One of the major causes of cervical cancer is the human papillomavirus (HPV), a very common virus that is transmitted between people during sexual intercourse. Research has suggested that the following can contribute to the development of cervical cancer:
- Sex at a young age
- Multiple sexual partners
- Promiscuous male partners
- History of sexually-transmitted diseases, particularly HPV
- High parity (number of childbirths)
- Heavy smoking
Read more about potential risk factors of cervical cancer here.
How are women screened for cervical cancer?
The cervix is an organ at the entrance to a woman’s uterus. Screening for cervical cancer works by checking for precancerous cell changes. If these are correctly identified you can be referred for treatment to prevent the development of full-blown cancer.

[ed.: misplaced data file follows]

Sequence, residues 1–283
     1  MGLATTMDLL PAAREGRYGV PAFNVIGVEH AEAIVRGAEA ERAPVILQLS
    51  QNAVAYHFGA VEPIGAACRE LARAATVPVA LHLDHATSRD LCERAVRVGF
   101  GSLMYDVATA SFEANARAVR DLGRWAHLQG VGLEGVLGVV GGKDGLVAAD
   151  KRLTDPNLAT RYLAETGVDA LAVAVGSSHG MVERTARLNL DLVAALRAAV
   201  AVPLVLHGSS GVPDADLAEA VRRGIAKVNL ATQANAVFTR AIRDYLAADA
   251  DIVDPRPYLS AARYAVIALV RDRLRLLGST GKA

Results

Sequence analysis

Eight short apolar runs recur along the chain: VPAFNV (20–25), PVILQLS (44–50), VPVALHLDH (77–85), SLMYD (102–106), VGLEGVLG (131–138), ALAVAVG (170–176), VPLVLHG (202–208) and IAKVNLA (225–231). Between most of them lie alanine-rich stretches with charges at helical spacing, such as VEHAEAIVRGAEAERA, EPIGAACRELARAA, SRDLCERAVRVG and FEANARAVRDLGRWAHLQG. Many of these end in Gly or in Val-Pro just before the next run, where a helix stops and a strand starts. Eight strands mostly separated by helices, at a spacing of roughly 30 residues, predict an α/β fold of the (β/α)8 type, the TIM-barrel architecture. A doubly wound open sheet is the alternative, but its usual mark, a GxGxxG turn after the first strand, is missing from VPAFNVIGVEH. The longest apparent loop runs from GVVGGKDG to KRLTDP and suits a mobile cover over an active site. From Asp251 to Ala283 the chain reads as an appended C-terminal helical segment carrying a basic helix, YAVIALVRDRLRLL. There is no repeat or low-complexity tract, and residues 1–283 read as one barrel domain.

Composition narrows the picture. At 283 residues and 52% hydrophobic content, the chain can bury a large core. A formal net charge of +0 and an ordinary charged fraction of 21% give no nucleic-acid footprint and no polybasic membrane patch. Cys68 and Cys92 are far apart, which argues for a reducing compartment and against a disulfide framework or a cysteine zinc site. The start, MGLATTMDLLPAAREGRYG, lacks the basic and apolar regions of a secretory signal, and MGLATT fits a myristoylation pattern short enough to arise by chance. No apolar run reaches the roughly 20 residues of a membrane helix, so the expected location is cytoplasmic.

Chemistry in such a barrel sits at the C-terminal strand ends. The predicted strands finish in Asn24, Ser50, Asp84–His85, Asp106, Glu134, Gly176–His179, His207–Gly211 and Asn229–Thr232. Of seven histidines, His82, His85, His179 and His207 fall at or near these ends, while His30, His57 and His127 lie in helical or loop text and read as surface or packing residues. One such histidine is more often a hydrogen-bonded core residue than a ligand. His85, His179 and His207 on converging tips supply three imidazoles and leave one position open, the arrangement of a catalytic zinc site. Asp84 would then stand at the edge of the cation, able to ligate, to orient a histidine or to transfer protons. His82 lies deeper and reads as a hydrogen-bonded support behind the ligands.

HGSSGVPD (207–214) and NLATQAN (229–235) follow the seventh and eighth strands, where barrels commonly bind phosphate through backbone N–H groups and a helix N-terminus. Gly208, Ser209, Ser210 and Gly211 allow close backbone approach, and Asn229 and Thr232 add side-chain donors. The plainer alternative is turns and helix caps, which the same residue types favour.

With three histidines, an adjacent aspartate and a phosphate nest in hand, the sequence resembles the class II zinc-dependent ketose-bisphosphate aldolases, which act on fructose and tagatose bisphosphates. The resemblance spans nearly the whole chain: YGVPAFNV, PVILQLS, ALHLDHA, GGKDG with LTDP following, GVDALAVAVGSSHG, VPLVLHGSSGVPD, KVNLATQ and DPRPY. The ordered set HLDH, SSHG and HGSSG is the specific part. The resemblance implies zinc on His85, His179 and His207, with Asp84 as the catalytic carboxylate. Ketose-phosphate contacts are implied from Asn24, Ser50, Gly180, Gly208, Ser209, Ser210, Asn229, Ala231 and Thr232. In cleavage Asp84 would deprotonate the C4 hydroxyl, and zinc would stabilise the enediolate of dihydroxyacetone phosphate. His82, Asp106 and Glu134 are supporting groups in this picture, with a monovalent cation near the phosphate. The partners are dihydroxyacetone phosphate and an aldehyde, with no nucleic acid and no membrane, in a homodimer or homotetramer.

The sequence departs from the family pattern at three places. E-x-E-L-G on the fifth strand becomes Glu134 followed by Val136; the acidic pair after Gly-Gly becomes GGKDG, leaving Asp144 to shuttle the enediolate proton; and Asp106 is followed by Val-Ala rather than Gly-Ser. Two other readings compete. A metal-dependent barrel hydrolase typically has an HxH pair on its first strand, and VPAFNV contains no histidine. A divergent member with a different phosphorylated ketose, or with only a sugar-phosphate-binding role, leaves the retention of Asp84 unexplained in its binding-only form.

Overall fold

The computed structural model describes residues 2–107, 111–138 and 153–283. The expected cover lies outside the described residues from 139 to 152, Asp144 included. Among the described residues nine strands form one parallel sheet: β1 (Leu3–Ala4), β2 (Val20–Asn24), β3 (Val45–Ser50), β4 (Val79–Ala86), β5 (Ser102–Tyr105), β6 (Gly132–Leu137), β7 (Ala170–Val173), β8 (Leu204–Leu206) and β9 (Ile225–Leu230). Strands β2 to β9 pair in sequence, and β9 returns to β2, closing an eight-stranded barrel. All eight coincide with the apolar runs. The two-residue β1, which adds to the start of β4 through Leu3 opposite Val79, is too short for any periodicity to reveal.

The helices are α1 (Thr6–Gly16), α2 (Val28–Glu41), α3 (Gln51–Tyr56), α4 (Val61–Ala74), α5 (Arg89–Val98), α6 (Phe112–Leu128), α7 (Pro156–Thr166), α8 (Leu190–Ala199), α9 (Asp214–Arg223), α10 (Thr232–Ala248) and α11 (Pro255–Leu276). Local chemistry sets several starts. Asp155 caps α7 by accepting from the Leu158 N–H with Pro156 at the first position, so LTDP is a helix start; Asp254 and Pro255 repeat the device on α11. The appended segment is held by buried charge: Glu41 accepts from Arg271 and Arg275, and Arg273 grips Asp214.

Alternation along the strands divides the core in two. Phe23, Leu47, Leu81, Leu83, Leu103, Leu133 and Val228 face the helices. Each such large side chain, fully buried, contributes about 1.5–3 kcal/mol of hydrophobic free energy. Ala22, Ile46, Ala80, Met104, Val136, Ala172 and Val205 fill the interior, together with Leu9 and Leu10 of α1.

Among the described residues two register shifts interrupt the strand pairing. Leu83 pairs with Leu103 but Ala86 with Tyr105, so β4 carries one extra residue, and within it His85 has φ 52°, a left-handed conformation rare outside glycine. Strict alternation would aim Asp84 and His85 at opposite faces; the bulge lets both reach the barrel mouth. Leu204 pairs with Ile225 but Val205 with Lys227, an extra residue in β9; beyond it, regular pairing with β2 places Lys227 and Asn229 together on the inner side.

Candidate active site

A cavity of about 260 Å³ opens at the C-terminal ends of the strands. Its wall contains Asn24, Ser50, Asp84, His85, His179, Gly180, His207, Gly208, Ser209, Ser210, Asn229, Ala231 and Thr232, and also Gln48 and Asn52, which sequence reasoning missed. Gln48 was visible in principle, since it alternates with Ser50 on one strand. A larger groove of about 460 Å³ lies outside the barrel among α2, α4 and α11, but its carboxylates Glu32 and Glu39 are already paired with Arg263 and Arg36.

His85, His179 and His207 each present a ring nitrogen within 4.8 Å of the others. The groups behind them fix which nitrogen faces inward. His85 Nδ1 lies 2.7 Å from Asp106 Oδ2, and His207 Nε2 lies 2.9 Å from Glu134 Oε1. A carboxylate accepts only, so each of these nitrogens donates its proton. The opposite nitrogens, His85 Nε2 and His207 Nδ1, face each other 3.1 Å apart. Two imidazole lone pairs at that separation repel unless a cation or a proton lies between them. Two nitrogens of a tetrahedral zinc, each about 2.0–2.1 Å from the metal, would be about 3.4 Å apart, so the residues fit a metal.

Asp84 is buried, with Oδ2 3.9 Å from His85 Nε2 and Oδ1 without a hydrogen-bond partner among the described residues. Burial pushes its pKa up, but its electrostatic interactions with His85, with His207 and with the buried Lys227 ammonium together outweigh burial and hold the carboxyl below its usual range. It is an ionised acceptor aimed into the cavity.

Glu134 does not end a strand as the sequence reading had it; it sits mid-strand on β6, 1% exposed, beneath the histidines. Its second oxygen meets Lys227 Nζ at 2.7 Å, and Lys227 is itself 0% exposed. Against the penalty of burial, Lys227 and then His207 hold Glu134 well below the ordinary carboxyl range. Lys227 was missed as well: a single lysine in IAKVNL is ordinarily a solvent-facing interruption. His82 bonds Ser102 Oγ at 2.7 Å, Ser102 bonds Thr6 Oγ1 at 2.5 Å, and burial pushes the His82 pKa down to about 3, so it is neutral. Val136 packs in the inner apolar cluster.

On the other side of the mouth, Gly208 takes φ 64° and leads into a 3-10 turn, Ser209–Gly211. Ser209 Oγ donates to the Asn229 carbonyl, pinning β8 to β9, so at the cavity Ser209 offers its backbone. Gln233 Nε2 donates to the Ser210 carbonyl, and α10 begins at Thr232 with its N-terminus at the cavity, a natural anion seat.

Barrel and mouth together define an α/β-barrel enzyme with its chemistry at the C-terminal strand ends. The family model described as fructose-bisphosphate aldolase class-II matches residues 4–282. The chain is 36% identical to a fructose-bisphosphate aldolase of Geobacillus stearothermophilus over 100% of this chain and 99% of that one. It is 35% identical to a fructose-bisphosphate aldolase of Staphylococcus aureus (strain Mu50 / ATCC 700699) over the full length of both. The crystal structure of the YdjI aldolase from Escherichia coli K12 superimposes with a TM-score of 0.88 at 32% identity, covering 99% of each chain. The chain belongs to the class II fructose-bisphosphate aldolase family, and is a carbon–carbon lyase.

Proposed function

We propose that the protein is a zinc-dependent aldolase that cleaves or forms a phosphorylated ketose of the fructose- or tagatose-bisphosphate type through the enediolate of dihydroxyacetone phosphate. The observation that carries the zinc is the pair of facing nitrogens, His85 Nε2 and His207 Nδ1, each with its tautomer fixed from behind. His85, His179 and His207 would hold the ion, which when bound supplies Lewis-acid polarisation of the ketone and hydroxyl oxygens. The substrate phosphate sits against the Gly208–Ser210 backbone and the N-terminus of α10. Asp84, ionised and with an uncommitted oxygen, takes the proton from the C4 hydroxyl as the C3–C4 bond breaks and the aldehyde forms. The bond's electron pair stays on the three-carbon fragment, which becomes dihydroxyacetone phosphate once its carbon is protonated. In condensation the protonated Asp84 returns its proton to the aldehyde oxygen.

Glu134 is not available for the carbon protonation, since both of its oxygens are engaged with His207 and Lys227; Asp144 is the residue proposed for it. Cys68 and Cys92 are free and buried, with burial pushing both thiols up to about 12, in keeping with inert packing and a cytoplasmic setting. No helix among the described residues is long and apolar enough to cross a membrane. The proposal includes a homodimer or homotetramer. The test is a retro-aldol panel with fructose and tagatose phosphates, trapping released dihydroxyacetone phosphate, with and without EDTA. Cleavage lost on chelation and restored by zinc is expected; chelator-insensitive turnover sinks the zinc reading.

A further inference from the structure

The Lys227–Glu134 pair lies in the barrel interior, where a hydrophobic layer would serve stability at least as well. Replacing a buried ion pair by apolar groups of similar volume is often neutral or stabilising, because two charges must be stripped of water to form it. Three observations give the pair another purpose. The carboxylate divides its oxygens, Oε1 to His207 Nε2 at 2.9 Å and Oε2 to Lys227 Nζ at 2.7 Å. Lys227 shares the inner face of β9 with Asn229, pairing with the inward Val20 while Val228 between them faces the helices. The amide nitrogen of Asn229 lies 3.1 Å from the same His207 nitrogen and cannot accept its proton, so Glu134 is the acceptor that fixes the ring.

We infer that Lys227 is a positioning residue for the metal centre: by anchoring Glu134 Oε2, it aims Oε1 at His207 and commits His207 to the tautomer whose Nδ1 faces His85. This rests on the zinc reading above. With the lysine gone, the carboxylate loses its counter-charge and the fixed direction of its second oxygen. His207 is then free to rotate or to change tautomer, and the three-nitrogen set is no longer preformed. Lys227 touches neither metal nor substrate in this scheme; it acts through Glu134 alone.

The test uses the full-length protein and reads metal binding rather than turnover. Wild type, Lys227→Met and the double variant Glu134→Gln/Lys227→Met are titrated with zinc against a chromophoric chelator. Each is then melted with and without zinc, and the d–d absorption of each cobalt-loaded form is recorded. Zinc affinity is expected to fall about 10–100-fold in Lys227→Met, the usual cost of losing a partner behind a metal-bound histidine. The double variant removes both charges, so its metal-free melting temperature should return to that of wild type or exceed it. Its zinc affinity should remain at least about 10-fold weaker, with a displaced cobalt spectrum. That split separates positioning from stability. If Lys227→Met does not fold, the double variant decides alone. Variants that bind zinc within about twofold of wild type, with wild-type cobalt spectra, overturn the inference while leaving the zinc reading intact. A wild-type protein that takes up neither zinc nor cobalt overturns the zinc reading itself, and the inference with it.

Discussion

Smear test slides are checked twice with the first examination taking around eight minutes. If any abnormalities are found you should be informed and receive treatment. Slides that pass the first test are double-checked by a system called rapid review. This second check takes a few seconds; however, the test is not conclusive and may still miss signs of cervical cancer.
Although the rapid review system works in the majority of cases there may still be too many that slip through the net. Improving the system to ensure slides are properly checked twice could ensure fewer women suffer from screening errors.
How often should women be screened for cervical cancer?